ISO 20022 Hackathon

503 Registered Allowed team size: 2 - 10

This campaign is over.

Hackathon
Online
starts on:
Mar 11, 2021, 04:00 PM
ends on:
Mar 20, 2021, 07:00 AM

Overview

Watch the Winners' Announcement!

The hackathon is now closed. 260 participants across 60 teams spent 7-days applying ISO 20022 and APIs to improve cross-border payments.

A huge congratulations to the three winners:

  • Atomic Wire won for its highly scalable stream processing solution that performs real-time atomic settlement of FX transactions, eliminating settlement risk and removing barriers to adopting payment-versus-payment for cross-border payments.
  • Mojaloop won for its solution for bridging the "last mile," bringing cross-border payments to users in emerging market economies who rely on mobile money transfer systems.
  • The Isonauts (Virtusa & AWS) won for their solution using machine learning to ensure completeness and correctness of data as a basis for smoothing international payments.

Thank you to all teams and participants!


Join a global hackathon to improve cross-border payments by using ISO 20022 and APIs

The era of API-enabled data-rich payments has arrived! Payment systems, service providers, global networks and forward-thinking corporates are adopting the ISO 20022 message standard, ushering in a new world of possibility for domestic and cross border payments. Data-rich payments will help streamline compliance processes, automate back-office processing, enable new business models, and ultimately make cross-border payments cheaper, faster and more transparent for all.

The ISO20022 Hackathon, hosted by the BIS Innovation Hub and SWIFT, invites participating teams to develop and showcase solutions that improve cross-border payments, using the ISO 20022 standard for payments messages and APIs. Whether you are a bank, a fintech, payment service provider or corporate, this event will give your team a head start in preparing for and showcasing innovative solutions for the upcoming ISO 20022 transformation through:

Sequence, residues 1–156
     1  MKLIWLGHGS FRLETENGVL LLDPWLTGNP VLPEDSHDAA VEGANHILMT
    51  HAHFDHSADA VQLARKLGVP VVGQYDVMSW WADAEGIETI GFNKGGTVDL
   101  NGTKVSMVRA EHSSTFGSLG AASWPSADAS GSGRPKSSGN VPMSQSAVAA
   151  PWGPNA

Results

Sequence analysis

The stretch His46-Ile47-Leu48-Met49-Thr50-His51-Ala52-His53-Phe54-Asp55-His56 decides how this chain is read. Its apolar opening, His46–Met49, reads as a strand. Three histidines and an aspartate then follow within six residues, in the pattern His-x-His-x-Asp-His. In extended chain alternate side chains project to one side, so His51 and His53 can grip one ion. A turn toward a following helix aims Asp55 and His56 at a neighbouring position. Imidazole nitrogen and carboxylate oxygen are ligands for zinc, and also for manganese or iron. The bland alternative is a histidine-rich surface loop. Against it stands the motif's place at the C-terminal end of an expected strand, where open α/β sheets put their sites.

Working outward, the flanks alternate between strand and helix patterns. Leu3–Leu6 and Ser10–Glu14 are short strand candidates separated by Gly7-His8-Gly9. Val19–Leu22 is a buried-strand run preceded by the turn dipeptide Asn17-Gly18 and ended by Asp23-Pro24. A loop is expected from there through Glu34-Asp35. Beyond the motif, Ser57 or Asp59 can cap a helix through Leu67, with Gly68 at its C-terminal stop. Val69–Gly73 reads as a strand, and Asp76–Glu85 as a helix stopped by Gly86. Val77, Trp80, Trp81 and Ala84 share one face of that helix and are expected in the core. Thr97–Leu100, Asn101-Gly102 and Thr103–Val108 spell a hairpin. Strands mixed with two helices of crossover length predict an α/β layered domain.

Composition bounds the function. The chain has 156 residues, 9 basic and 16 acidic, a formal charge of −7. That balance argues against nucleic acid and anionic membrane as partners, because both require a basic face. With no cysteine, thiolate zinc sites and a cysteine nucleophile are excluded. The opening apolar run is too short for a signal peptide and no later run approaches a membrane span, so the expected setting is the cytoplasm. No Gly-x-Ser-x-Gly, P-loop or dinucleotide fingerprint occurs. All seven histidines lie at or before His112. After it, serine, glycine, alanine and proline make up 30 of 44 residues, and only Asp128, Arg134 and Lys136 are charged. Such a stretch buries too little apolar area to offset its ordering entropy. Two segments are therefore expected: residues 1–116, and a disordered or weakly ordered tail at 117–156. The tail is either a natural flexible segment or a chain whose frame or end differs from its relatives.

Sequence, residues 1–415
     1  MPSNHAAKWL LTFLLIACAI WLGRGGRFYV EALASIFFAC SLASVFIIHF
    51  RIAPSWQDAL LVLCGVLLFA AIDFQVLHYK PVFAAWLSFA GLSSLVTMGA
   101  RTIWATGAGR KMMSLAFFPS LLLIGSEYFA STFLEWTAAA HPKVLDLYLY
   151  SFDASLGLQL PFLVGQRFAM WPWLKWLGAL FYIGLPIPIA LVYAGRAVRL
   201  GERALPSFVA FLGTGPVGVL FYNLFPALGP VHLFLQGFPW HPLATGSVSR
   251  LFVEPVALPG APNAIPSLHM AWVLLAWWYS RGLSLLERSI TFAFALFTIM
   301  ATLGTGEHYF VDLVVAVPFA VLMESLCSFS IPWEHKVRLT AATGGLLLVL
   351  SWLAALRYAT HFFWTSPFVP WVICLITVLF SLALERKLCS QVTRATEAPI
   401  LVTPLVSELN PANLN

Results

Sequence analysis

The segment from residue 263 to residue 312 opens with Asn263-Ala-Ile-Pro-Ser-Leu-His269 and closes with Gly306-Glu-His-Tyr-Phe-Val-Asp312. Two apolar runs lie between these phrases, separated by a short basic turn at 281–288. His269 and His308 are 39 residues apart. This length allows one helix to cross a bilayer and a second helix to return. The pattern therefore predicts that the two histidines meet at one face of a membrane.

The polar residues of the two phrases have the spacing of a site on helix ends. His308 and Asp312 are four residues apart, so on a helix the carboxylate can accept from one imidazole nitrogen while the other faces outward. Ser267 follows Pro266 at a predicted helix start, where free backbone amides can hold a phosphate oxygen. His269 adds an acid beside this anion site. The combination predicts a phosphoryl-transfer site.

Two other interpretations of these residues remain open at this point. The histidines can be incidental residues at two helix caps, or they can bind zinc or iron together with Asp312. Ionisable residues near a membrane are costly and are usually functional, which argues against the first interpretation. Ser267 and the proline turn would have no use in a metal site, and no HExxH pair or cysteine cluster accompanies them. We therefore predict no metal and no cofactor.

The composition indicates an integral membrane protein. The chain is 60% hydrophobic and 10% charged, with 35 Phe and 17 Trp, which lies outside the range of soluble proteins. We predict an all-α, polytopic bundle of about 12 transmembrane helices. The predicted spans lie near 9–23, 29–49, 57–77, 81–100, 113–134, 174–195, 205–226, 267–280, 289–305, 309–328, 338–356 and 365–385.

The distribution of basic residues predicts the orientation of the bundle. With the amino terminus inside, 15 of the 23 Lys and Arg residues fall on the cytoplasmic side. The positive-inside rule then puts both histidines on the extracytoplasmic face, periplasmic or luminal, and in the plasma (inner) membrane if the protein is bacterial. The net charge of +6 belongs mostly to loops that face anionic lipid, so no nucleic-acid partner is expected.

• A masterclass with the ISO 20022 & API leads from cross-border payment network SWIFT. Tom Alaerts, a SWIFT ISO 20022 expert, will explain the benefits and requirements to adopt the standard in retail and wholesale payments and highlight the essential elements for use in payments. API experts from SWIFT will also cover how to use best-practice standardised APIs.
  • A deep-dive with Magnus Lageson of Swish, the ISO 20022-based mobile payments app which is used by more than 75% of all Swedes. Magnus will explain how to build with ISO 20022 from a developer's perspective, and highlight the benefits for consumers and end-users.
  • A 7-day virtual Hackathon that will give teams the chance to apply ISO20022 and APIs to address opportunities in cross-border payments. Teams can adapt their existing product to make use of ISO 20022 or build and demonstrate new solutions leveraging ISO 20022 and APIs.

Three winning teams will:

  • showcase their solutions at the BIS Innovation Summit (a global virtual conference from 22-25 March).
  • be featured in an interview for Sibos.com, which will be promoted through Sibos social media in Q3 of 2021. (The annual Sibos conference, organised by SWIFT, brings together thousands of business leaders, decision makers and topic experts from across the financial ecosystem.)

Why cross-border payments?

Making a cross-border payment is not just about moving money from country A to B. To make payments safe, efficient and compliant with regulations, data about the payment must be transferred as well. A number of checks and processes need to happen either before the payment is made, while it's moving through the financial system, or after the payment is received. The Committee on Payments and Market Infrastructures (CPMI) highlights how these processes can add cost, friction, and delays to cross-border payments, particularly when a payment goes wrong and needs manual intervention. (For example, a payment that is incorrectly matched against a sanctions list will be delayed for 24 hours on average.)

Significant improvements have been made to cross-border payments in recent years. Notably SWIFT's Global Payment Initiative (gpi) has take major steps forward in increasing the speed, transparency and reach of cross-border payments since its launch in 2016.

Yet frictions remain. Many complications stem from the use of different and incompatible data formats in cross-border payment messages. This makes it difficult for payment systems and services to talk to each other, can cause data loss between systems, and requires manual processing. However, standardised data formats, such as ISO 20022 and APIs can potentially streamline, improve and automate these processes.